Introducing Montana’s New Housing Task Force
"Governor Gianforte’s new Housing Task Force marks the beginning of Montana’s united effort to address the regulatory barriers standing in the way of affordable housing."
“Owning a home is part of the American dream, but for more than a decade, it’s become harder and harder for Montanans to afford to own or rent a home. Burdensome, restrictive, and unnecessary regulations have left Montana with a longstanding shortage of housing that continues to drive up the prices Montanans pay for their home.” – Governor Gianforte
Last week Governor Gianforte announced the creation of The Housing Task Force, to address Montana’s housing crisis.
I am thrilled to announce that Frontier President and CEO, Kendall Cotton, has been invited to serve on the newly created task force. Composed of state and local officials, economists, researchers and advocates, the task force has been charged with providing recommendations the legislature could consider to make housing more affordable and attainable.
After the announcement, Frontier President and CEO, Kendall Cotton, released this statement:
“Governor Gianforte’s new Housing Task Force marks the beginning of Montana’s united effort to address the regulatory barriers standing in the way of affordable housing. We are honored to be included in this new task force, and we look forward to working alongside others to give Montana landowners more freedom to build affordable homes where they are needed most.”
The Housing Task Force met for the first time yesterday, at which the Governor told the group that as they look at the barriers to the creation of affordable housing, they should “leave no stone unturned.”
Stay tuned as I will be providing the latest updates on the work being done by the Task Force.
Montana Can Avoid Becoming Like California
What makes Montana so unique is our easy access to the outdoors, but that may be at risk as many Montana cities have California-style zoning codes, causing cities to grow out into rural areas and open space. Frontier President & CEO, Kendall Cotton, explains the steps that can be taken to stop this from happening in his latest op-ed for Lee Newspapers.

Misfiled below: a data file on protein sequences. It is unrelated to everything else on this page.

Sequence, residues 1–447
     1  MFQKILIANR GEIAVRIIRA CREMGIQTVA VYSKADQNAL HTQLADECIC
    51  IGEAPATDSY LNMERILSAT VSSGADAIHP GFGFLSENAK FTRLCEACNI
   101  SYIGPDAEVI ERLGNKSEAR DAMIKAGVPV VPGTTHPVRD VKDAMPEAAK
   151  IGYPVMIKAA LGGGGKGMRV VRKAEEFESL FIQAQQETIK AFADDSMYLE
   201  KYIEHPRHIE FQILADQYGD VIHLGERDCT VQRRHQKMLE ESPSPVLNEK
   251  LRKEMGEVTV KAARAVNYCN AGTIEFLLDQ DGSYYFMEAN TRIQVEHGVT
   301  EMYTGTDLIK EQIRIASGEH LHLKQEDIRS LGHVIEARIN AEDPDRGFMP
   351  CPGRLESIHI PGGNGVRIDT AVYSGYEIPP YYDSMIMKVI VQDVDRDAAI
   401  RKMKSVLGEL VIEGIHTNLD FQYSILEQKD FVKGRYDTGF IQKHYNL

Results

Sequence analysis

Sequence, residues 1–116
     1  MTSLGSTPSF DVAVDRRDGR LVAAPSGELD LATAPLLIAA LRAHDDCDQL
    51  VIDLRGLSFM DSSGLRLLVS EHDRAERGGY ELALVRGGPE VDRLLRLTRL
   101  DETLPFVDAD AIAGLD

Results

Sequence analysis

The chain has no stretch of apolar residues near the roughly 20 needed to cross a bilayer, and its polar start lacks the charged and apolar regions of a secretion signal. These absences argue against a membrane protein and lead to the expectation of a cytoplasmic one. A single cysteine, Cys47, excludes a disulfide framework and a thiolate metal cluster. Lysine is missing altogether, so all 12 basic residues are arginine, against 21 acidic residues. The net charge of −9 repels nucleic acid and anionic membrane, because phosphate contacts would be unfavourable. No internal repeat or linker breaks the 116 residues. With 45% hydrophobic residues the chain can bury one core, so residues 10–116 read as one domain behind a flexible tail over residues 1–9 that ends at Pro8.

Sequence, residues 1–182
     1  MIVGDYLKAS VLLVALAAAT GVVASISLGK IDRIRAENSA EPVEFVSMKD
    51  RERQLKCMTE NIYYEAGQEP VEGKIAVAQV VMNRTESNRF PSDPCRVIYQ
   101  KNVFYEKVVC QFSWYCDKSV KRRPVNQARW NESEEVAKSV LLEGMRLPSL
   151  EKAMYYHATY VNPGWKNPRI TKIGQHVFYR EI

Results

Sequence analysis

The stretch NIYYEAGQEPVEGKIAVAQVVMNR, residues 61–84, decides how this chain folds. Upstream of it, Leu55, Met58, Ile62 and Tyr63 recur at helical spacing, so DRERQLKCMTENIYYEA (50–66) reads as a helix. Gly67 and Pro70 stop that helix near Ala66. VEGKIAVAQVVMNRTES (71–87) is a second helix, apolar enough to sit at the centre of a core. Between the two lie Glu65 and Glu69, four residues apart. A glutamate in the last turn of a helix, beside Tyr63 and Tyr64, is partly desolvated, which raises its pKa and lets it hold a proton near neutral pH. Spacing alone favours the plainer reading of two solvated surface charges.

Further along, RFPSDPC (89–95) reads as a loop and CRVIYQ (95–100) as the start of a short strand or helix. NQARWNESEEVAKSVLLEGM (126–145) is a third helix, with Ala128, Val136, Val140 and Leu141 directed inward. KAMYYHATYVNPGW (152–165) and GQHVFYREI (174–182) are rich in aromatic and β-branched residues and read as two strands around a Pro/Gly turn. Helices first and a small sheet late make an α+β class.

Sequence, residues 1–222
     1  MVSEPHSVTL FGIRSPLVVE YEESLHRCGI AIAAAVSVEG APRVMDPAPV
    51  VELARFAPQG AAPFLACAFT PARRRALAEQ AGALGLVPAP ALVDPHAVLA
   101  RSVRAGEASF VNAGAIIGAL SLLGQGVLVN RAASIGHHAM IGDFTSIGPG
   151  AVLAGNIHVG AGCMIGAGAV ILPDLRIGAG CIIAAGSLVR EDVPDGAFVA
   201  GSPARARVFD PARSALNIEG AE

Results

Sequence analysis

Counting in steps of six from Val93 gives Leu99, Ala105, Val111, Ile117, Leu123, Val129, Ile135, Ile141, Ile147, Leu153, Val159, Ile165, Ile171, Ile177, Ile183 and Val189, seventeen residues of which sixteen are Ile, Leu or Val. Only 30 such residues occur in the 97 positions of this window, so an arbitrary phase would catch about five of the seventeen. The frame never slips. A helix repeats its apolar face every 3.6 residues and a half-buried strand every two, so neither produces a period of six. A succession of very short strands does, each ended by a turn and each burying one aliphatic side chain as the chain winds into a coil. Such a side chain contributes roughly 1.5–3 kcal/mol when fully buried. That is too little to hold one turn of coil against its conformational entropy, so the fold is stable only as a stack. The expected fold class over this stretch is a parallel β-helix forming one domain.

“Montana is at an important crossroads. We can either follow in the footsteps of California or chart our own path. Reforming our California-style zoning regulations will allow cities to grow denser instead of sprawling outward, helping to preserve access to the outdoors, maintain the special rural character of the surrounding areas and keep Montana feeling like Montana.”
Charting Our Own Path
The Economic Affairs Interim Committee met earlier this week to discuss potential facial recognition legislation. During the hearing, representatives from a number of Montana agencies including the Department of Labor and Industry, the Department of Corrections and the Department of Justice, conveyed how an overly strict ban on the use of facial recognition could deprive Montanans of the technology’s beneficial uses.
Our Take: Protecting the privacy of Montanans is of the utmost importance, however Montana should take care in deciding where to draw the line. Montana should chart its own path by establishing limitations on how and when facial recognition technology can be used, enabling Montanans to receive the benefits of the technology without violating their privacy rights.
Cutting Apprenticeship Red Tape
Last winter Governor Gianforte proposed rule changes to relax the apprentice-to-journeyman ratio, in order to allow for more apprentices. While critics opposed the change, recent data from the Department of Labor and Industry showed the impact of the changes – more apprentices were added in the first six months of this year than in the first six months of 2018, 2019, and 2020 combined.
Our Take: This is yet another example of how red tape can get in the way of Montanans ability to thrive. Just as we said last winter, Governor Gianforte was right to reform the apprentice-to-journeyman ratio, and we congratulate him on taking the steps needed to provide more Montanans access to apprenticeship programs.